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The performance of loyalty

Ritual in loyal addressing

Series:

Edward Vallance

much more active role in promoting addresses under James II than during Charles’ reign.) 93 Burlington reportedly consented to sign whatever address the gentlemen of Yorkshire should agree to but ultimately never subscribed as a result of decisions taken at a dinner on 25 July attended by the high sheriff of the county, Reresby and a number of the Marquis of Halifax’s friends (whom Reresby had gathered there): as soon as dinner was done I moved for a ressolution which way, and to whom to be presented to

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Addresses, abhorrences and associations

Subscriptional culture and memory in the 1680s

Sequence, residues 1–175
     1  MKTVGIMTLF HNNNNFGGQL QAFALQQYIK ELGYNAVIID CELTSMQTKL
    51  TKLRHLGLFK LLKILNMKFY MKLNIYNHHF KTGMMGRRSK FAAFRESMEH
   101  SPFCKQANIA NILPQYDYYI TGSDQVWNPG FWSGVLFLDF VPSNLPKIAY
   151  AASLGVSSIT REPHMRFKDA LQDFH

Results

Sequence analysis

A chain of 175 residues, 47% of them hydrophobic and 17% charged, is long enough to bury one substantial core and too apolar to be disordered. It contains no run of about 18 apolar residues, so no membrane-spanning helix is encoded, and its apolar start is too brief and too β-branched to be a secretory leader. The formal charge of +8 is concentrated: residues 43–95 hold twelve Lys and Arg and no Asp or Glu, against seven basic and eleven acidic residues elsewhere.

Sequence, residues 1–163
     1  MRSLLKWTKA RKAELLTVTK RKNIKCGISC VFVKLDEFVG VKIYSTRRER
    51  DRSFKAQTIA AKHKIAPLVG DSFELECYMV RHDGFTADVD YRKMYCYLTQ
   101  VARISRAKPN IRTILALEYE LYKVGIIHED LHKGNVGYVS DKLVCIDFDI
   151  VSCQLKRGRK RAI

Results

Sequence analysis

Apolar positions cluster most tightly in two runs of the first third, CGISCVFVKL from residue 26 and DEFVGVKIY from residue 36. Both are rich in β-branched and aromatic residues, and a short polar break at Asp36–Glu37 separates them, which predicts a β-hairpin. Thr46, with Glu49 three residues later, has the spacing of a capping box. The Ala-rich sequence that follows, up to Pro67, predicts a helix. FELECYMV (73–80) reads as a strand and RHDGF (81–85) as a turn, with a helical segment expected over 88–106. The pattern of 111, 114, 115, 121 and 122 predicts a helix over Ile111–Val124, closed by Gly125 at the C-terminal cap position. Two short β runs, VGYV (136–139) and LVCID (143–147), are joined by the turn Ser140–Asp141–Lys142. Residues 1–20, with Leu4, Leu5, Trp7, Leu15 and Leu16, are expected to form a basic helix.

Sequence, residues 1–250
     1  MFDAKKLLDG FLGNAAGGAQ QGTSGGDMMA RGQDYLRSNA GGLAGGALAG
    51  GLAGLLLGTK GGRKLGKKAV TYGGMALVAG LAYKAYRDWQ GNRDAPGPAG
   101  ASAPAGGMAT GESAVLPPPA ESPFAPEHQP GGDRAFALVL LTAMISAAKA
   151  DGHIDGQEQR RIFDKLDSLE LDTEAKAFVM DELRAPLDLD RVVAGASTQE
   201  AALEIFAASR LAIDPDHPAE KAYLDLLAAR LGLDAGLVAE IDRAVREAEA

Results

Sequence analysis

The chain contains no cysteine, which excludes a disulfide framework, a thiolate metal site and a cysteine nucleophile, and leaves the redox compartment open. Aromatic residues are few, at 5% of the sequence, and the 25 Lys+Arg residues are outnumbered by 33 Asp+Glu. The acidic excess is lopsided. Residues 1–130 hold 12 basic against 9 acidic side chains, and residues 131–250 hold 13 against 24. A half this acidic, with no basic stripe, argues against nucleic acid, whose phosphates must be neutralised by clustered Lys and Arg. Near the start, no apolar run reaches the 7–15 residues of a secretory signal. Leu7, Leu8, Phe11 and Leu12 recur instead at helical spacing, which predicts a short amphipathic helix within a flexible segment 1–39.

Series:

Edward Vallance

. As Bower’s letter also indicates, though, the memory of addressing could serve other purposes. In Bower’s case, it provided a means of determining contemporary political and religious loyalties. The 1680s represent the most sustained and intense period of petitioning and addressing activity in early modern England: over a thousand loyal addresses were presented over the course of this decade to Charles II and James II. 6 This activity, publicised through the pages of the London Gazette and other newsbooks, as well as

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Introduction

The later Stuart church in context

Series:

Grant Tapsell

failed in turbulent political circumstances in 1667–73, 1679–81 and 1689. 13 The last of these failures was part of a broader crisis over the post-revolutionary identity of the church, when a further ‘nonjuring’ schism saw 400 clerics refuse to accept that their old oaths of allegiance to James II could be superseded by new and exclusive ones to William and Mary, and were in consequence legally deprived of their livings. 14

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Series:

Clare Jackson